Thursday, May 5, 2011

Film review: Charmless, shopworn 'Ceremony' deserves dustbin

Uma Thurman and Michael Anganaro in Ceremony.

By John Thomason

I‭’‬m always taken aback when unequivocally bad movies like‭ ‬Ceremony‭ ‬somehow pass the‭ ‬same‭ ‬art-house muster as films by renowned artists.‭

A snarky,‭ ‬misogynistic and intellectually vapid Indiewood feature,‭ ‬Ceremony‭ ‬belongs in Blockbuster‭’‬s direct-to-video dustbin,‭ ‬not sharing real estate with the likes of‭ ‬Certified Copy and‭ ‬Cave of Forgotten Dreams.

In his feature debut,‭ ‬writer-director Max Winkler offers a flat imitation of what‭ ‬Noah Baumbach‭’‬s Wedding Crashers‭ ‬might look like‭ ‬--‭ ‬an oppositional clash of‭ ‬subtle and broad‭ ‬comic textures,‭ ‬neither of‭ ‬which Winkler conveys with any degree of success.‭ ‬It stars Michael Angarano as Sam,‭ ‬a floundering,‭ ‬23-year-old children‭’‬s book author who reunites with his meek friend Marshall‭ (‬Reece Thompson,‭ ‬looking like a chalky character in a Smiths video‭) ‬for a weekend retreat.

The vacation is ostensibly an opportunity for the estranged buddies to bond and bromanticize,‭ ‬but Sam has designs for the excursion:‭ ‬Their squalid hotel happens to be situated next to a‭ ‬palatial beachside estate owned by affluent documentary filmmaker Whit Coutell‭ (‬Lee Pace‭)‬ who,‭ ‬over the next two days,‭ ‬will be marrying the love of Sam‭’‬s life:‭ ‬Uma Thurman‭’‬s Zoe.

Aside from Marshall,‭ ‬who gets the short end of all of the film‭’‬s sticks,‭ ‬Ceremony provides us with a dearth of‭ ‬sympathetic characters.‭ ‬Sam is supposedly our relatable conduit into the world of high society,‭ ‬but he‭’‬s essentially a shameless ass.‭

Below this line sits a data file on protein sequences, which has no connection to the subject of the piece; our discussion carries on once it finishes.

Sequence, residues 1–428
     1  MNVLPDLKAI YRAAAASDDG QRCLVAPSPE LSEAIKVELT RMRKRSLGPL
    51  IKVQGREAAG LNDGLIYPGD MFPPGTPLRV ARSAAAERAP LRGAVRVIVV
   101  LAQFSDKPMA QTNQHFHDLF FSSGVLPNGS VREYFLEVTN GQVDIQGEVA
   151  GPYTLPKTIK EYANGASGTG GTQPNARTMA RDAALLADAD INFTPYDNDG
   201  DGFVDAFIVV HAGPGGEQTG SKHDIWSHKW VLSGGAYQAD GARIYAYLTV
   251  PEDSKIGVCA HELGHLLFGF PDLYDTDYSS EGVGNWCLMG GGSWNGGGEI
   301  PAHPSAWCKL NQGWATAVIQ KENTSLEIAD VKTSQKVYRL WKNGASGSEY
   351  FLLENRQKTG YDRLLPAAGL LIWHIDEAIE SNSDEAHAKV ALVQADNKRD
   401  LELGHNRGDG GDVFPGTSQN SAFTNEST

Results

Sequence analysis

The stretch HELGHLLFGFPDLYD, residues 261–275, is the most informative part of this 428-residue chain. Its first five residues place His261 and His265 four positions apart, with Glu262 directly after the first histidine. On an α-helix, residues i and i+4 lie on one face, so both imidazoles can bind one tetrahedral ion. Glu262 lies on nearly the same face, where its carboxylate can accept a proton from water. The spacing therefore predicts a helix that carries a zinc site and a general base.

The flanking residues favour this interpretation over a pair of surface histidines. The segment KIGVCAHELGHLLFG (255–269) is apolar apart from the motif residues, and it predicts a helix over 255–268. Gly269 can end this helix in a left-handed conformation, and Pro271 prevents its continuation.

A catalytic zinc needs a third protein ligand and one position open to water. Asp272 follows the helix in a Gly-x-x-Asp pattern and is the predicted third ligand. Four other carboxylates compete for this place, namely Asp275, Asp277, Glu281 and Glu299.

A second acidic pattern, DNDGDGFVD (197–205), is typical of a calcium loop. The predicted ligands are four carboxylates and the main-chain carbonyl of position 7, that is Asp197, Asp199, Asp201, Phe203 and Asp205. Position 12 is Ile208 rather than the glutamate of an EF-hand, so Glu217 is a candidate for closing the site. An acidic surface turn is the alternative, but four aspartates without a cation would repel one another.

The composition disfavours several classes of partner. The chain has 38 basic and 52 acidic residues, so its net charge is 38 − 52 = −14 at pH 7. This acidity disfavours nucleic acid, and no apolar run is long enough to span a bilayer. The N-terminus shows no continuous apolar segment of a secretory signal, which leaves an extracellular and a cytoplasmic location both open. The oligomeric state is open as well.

Whit is a self-absorbed,‭ ‬self-aggrandizing and remarkably transparent blowhard who makes movies about starving children in Africa that feature his bulbous ego more than his subjects‭ ‬– a character seemingly crafted,‭ ‬with Xeroxed inspiration,‭ ‬after Winkler saw Russell Brand in‭ ‬Get Him to the Greek.‭ ‬Zoe appears fidgety and embarrassed by Whit‭’‬s every utterance‭; ‬watching the interactions of the soon-to-be-betrothed,‭ ‬their nuptials are inexplicable.‭

Only‭ ‬in Movieland do‭ ‬artificial straw characters like Whit‭ ‬– in this case,‭ ‬the callous jerk we‭’‬re supposed to scorn while the working-class hero steals back the‭ ‬damsel‭’‬s‭ ‬trapped‭ ‬heart‭ ‬– get to bed and wed Uma Thurman.

Not that Zoe,‭ ‬as scripted by Winkler,‭ ‬is necessarily a catch worth desiring.‭ ‬She‭’‬s too underwritten to feel anything about her.‭ ‬She‭’‬s little more than a trophy fiancée who apparently selects suitors with the indiscriminate direction of a broken GPS.‭ ‬For a star of Thurman‭’‬s stature,‭ ‬it‭’‬s a thankless role,‭ ‬and one obviously written by a man‭ (‬Thurman has also,‭ ‬to my knowledge,‭ ‬never been photographed as unflatteringly as she comes across under Winkler‭’‬s camera‭)‬.

If this ensemble of archetypes only exists in the movies,‭ ‬it‭’‬s only appropriate that their actions are ones that only occur on celluloid‭ ‬– particularly celluloid from‭ ‬20‭ ‬years ago.‭ ‬Modern technology is entirely absent from this picture:‭ ‬Zoe,‭ ‬who is a good‭ ‬15‭ ‬years older than Sam,‭ ‬apparently met him when the two became pen pals.‭ ‬How quaint.‭

And there‭’‬s actually a scene where Sam takes a break from the road trip to call Zoe from a‭ ‬pay phone.‭ ‬One antique cliché begets another in this scene,‭ ‬as Sam clutches the receiver and rehearses‭ ‬different conversational points of entry,‭ ‬only to slam the phone back into its cradle and exit the booth.‭ ‬Sam‭ ‬is‭ ‬quite the mercurial misanthrope,‭ ‬and in‭ ‬a better movie,‭ ‬he might come off as mysterious.‭

Here,‭ ‬the overwhelming stench of‭ ‬déjà vu trumps everything.

CEREMONY. ‬Director:‭ ‬Max Winkler‭; ‬Cast:‭ ‬Michael Angarano,‭ ‬Uma Thurman,‭ ‬Lee Pace,‭ ‬Jake M.‭ ‬Johnson,‭ ‬Reece Thompson‭; ‬Distributor:‭ ‬Magnolia‭; ‬Rating:‭ ‬R‭; ‬Opens:‭ ‬Friday at Living Room Theaters,‭ ‬Florida Atlantic‭ ‬University

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